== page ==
From the problems of Britain and Italy in the 1970s, through the Latin American debt crisis of the 1980s and the Mexican, Asian and Russian financial crises of the 1990s, the IMF has operated by twinning the provision of liquidity with strong requirements that those involved do what is necessary to restore their financial positions to sustainability. There is ample room for debate about precise policy choices the fund has made. But the IMF has consistently stood for the proposition that the laws of economics do not and will not give way to political considerations.
This is arguably wrong as a general proposition, but it is certainly wrong in reference to the East Asian bailouts in 1990s that were largely engineered by Larry Summers and the U.S. Treasury Department, which controls the IMF. The conditions demanded in the East Asian bailouts required the countries in crisis in repay loans to western banks in full.
It allowed them to get the money needed to make the repayments by having the dollar rise in value against the currencies of the region (i.e. Robert Rubin’s strong dollar policy). It was not only the East Asian countries that deliberately lowered the value of their currency against the dollar, developing countries throughout the world adopted a policy of accumulating massive amounts of reserves in order to avoid ever being in the same situation as the East Asian countries.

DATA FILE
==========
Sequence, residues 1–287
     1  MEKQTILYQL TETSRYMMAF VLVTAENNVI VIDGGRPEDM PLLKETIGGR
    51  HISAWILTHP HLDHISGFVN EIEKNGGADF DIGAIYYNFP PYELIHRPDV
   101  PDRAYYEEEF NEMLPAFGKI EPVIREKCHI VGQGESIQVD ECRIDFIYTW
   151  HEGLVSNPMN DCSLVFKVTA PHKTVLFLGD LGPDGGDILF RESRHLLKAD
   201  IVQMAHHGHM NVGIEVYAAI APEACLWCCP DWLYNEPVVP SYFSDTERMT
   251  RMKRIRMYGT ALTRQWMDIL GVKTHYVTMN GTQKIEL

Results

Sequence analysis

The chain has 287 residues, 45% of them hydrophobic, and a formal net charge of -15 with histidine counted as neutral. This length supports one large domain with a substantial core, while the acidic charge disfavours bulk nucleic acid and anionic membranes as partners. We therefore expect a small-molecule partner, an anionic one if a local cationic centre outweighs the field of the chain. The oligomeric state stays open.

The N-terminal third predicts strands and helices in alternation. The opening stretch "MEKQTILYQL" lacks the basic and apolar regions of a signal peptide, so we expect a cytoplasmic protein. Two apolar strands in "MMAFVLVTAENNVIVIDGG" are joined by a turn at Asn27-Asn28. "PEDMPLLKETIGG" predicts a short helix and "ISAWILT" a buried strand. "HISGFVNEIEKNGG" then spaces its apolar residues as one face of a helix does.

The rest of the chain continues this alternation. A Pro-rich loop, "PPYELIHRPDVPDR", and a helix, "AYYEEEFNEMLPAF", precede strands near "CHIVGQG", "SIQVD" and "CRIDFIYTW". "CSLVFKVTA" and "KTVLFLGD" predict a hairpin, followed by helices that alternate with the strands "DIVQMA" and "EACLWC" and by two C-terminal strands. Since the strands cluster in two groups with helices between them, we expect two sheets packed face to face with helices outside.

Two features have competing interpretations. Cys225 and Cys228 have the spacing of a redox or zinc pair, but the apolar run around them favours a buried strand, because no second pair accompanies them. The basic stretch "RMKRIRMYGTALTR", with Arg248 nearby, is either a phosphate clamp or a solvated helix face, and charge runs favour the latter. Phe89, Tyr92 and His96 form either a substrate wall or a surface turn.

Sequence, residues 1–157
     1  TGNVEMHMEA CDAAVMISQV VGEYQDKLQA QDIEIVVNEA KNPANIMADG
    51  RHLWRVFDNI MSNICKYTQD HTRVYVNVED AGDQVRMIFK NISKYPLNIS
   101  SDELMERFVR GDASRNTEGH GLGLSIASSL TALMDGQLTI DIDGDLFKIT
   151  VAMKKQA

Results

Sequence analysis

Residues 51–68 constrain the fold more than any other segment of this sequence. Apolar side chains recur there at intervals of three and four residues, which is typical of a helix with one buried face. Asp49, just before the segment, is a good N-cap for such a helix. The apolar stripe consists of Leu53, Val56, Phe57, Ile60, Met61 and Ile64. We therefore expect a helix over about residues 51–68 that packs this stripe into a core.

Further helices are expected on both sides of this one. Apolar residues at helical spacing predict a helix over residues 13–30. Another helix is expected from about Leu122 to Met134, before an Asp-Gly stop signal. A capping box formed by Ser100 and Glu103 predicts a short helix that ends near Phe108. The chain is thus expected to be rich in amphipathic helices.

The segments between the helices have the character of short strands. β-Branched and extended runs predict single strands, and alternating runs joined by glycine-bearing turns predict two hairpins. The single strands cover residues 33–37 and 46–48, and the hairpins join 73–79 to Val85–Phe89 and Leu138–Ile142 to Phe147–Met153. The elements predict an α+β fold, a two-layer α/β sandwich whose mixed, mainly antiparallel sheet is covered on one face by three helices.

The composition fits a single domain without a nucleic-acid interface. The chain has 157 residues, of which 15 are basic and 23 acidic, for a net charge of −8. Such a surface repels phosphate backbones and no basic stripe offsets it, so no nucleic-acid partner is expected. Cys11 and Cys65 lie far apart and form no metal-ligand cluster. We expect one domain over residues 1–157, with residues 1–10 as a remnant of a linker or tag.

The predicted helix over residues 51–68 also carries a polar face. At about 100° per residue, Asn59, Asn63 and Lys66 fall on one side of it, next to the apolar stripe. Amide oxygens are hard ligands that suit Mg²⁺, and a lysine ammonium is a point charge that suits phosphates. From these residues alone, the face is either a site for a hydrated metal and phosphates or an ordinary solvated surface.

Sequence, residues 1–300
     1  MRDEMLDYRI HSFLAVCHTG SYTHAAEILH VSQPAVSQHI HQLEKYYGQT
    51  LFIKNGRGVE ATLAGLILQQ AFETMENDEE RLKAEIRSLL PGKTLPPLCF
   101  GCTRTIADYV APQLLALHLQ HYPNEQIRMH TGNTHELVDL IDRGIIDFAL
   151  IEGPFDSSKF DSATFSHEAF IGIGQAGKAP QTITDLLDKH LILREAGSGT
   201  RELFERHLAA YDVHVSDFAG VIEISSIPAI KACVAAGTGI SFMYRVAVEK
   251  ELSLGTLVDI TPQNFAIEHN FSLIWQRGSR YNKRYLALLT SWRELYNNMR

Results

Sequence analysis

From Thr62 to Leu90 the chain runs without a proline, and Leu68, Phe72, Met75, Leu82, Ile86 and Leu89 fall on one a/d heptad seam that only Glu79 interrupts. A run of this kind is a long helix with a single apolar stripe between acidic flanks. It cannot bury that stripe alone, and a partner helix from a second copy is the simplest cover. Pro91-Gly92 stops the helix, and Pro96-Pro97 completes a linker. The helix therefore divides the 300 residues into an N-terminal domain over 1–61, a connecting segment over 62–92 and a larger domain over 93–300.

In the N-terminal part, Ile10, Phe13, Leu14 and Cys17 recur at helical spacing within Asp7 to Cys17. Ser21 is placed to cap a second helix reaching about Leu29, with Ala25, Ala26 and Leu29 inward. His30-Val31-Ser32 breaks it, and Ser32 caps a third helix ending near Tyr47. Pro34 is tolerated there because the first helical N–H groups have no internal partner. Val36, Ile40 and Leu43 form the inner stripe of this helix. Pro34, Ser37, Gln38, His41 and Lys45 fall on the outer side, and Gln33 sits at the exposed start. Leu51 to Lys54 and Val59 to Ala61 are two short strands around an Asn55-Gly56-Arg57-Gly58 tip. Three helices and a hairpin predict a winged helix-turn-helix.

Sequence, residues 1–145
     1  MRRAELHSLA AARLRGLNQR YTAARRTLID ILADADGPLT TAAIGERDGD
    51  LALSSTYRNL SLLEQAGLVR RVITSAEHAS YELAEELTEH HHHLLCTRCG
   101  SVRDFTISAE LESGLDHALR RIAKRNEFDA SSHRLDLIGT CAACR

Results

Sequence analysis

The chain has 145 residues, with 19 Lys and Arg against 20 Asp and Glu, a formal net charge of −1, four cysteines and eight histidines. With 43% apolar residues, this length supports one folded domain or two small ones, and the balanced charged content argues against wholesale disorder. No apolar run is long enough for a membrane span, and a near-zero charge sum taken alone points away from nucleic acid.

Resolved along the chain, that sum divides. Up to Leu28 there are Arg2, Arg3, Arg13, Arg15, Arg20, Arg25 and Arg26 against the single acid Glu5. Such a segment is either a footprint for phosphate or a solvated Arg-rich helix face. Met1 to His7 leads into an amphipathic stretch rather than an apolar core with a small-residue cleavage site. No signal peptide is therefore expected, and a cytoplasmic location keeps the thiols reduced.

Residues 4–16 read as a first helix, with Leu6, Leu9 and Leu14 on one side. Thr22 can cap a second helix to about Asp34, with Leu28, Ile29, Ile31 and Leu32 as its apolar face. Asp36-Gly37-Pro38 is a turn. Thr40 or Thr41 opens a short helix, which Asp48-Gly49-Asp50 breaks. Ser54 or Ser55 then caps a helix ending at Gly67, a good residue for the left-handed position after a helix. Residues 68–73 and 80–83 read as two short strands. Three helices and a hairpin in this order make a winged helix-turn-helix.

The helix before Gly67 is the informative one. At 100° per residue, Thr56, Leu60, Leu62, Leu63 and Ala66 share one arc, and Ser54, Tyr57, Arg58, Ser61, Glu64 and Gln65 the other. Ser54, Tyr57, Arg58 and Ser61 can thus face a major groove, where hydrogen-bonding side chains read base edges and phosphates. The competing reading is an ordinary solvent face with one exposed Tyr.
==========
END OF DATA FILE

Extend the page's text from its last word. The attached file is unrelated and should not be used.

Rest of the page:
This led to the enormous trade deficits that the U.S. has incurred in subsequent years. This situation was not sustainable, contrary to Summers’ assertion that the IMF puts countries on a sustainable course.
In fact, the trade deficit between the United States and the rest of the world was the major imbalance in the global economy in the last decade. It created the gap in demand that was filled by the stock bubble in the 90s and the housing bubble in the last decade. It is striking that the Post’s opinion pages are only open to people who try to conceal this fact rather than economists who try to explain this history to readers.